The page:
Advertisement

The Need for and Nature of Buddhist Economics

  • Michael Lucas
Chapter
Part of the Mindfulness in Behavioral Health book series (MIBH)

Abstract

Increasingly, concern is being expressed from a number of quarters about the shortcomings of modern capitalism. On the other hand, the command (i.e., centrally planned) socialist economies have apparently not been a success, resulting in the widespread view that there is no alternative to the current shareholder value capitalism model. This model, intellectually grounded in neoclassical economics, still dominates business school education, thereby shaping future business leaders and economic policy makers, and at least implicitly informs much popular discourse, including that of the popular press. Given the very serious shortcomings of modern capitalism, which will be discussed in this chapter, there is a need to reconceptualize economics to transform our societies for the better. This chapter, therefore, considers how Buddhist philosophy and the ethical principles derived from it can provide an alternative system of thought, to inform the development of an improved economic system that works for all.

Keywords

Modern capitalism Neoclassical economics Buddhist philosophy Buddhist economics 

References

  1. Brazier, C. (2003). Buddhist psychology. London, UK: Constable Robinson.Google Scholar
  2. Britton, A., & Waterston, C. (2006). Financial accounting (4th ed.). Harlow, England: Pearson Education.Google Scholar
  3. David-Neel, A. (1978). Buddhism: Its doctrines and methods. London, UK: Mandala Books.Google Scholar
  4. Dhammapada. (1973). Contrary ways. Middlesex, England: Penguin Classics.Google Scholar
  5. Dillard, J. (2009). Buddhist economics: A path from an amoral accounting to a moral one. Advances in Public Interest Accounting, 14, 25–53.Google Scholar
  6. Gates, J. (1998). The ownership solution: Towards a stakeholder society for the 21 st century. Reading, MA: Addison-Wesley.Google Scholar
  7. Gleeson-White, J. (2015). Six capitals, or can accountants save the planet? New York, NY: W.W. Norton.Google Scholar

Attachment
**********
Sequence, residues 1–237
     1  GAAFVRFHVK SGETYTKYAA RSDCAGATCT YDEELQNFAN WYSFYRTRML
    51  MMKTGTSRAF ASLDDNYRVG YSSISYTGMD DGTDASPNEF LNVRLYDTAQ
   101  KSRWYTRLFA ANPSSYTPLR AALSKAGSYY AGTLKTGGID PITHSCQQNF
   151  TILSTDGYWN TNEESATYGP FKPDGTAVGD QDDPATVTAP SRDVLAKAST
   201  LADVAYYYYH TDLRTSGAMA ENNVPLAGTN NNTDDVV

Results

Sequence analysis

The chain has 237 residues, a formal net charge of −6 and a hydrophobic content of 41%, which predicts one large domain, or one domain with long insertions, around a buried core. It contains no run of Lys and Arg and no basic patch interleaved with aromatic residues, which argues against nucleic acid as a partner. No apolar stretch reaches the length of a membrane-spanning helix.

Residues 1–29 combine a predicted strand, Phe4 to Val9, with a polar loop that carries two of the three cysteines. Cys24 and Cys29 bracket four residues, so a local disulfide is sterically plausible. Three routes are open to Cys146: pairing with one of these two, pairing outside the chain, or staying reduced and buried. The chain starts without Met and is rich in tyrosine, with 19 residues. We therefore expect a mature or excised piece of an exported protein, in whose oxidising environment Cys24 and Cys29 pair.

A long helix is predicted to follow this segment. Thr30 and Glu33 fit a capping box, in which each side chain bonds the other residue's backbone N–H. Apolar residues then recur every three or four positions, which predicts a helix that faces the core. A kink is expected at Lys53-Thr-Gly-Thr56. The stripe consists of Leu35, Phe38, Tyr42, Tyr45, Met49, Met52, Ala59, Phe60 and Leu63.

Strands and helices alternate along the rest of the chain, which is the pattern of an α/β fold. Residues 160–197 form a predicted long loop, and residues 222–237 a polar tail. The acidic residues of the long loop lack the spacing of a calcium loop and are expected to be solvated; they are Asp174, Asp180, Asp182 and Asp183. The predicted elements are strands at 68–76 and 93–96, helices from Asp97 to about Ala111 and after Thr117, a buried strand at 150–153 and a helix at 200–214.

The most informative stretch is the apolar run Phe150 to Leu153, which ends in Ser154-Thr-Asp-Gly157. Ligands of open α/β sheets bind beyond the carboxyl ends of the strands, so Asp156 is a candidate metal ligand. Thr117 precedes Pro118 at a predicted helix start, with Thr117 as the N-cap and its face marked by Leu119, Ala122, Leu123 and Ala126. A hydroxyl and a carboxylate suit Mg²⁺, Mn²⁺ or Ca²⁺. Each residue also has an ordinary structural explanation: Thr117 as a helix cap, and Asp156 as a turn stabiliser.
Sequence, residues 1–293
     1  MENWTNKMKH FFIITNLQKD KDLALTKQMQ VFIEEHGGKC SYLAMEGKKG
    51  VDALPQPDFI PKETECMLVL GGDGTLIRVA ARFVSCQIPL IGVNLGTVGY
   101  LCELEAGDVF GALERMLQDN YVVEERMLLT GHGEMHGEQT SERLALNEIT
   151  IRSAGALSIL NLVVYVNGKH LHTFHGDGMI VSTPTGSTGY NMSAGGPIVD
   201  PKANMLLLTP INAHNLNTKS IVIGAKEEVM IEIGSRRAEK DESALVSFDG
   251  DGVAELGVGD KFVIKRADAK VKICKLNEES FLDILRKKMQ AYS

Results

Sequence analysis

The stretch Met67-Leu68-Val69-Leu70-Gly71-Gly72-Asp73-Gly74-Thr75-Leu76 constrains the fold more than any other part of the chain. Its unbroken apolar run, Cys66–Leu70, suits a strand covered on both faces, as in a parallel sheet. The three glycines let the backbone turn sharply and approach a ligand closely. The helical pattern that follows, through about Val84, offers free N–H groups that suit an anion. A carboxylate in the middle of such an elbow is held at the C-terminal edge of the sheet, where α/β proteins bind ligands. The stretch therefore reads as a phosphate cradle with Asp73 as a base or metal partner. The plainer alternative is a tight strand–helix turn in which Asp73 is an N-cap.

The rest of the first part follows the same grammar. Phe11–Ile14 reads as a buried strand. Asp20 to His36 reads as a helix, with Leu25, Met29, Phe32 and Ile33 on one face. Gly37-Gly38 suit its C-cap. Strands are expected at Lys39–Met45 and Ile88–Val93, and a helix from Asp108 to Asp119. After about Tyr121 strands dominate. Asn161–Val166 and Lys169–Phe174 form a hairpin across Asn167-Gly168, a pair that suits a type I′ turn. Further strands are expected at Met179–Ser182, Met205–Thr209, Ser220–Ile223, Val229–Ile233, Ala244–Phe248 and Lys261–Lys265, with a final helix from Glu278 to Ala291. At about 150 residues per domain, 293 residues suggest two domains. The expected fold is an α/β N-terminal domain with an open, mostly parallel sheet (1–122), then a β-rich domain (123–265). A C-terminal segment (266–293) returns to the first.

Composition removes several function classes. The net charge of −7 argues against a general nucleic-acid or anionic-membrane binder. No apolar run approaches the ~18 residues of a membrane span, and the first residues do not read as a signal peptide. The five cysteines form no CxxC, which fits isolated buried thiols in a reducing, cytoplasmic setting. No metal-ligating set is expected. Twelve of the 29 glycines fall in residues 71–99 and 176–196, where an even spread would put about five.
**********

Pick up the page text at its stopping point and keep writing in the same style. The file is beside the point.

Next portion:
8. Hobbes, T. (1651). Leviathan. Oxford, UK: Oxford University Press.Google Scholar
  9. Humphreys, C. (1981). Buddhism. Middlesex, England: Penguin Books.Google Scholar
  10. Keynes, J. M. (1936). The general theory of employment, interest and money. San Diego, CA: Harcourt Brace Jovanovich.Google Scholar
  11. Lessem, R., & Schieffer, A. (2010). Integral economics: Releasing the economic genius of your society. Farnham, Surrey, UK: Gower Publishing.Google Scholar
  12. Lux, K. (1990). Adam Smith’s mistake: How a moral philosopher invented economics and ended morality. Boston, MA: Shambhala.Google Scholar
  13. Marx, K., & Engels, F. (1975). The communist manifesto. Peking, China: Foreign Language Press.Google Scholar
  14. Parker, L., Ferris, K., & Otley, D. (1989). Accounting for the human factor. Sydney, Australia: Prentice Hall.Google Scholar
  15. Patel, R. (2009). The value of nothing: How to reshape market society and redefine democracy. London, UK: Picador Books.Google Scholar
  16. Schumacher, E. F. (1974). Small is beautiful: Economics as if people mattered. London, UK: Abacus.Google Scholar
  17. Smith, A. (1776). The wealth of nations. London, UK: Shine Classics.Google Scholar
  18. Summedho, A. (1987). Mindfulness: The path to the deathless. Hemel Hempstead, Hertfordshire: Amaravati Publications.Google Scholar
  19. Van Mourik, C., & Walton, P. (2014). The Routledge companion to accounting, reporting and regulation. Abingdon, Oxfordshire: Routledge.Google Scholar
  20. Ven. M. Pannasha Maya Nayaka Thera. (2007). The Buddhist way to economic stability. http://www.urbandharma.org/udharma5/ecostability.html. Accessed June 2016.

Copyright information

© Springer International Publishing AG, part of Springer Nature 2018

Authors and Affiliations

  • Michael Lucas
    • 1
  1. 1.Birmingham Business SchoolUniversity of BirminghamBirminghamUK

Personalised recommendations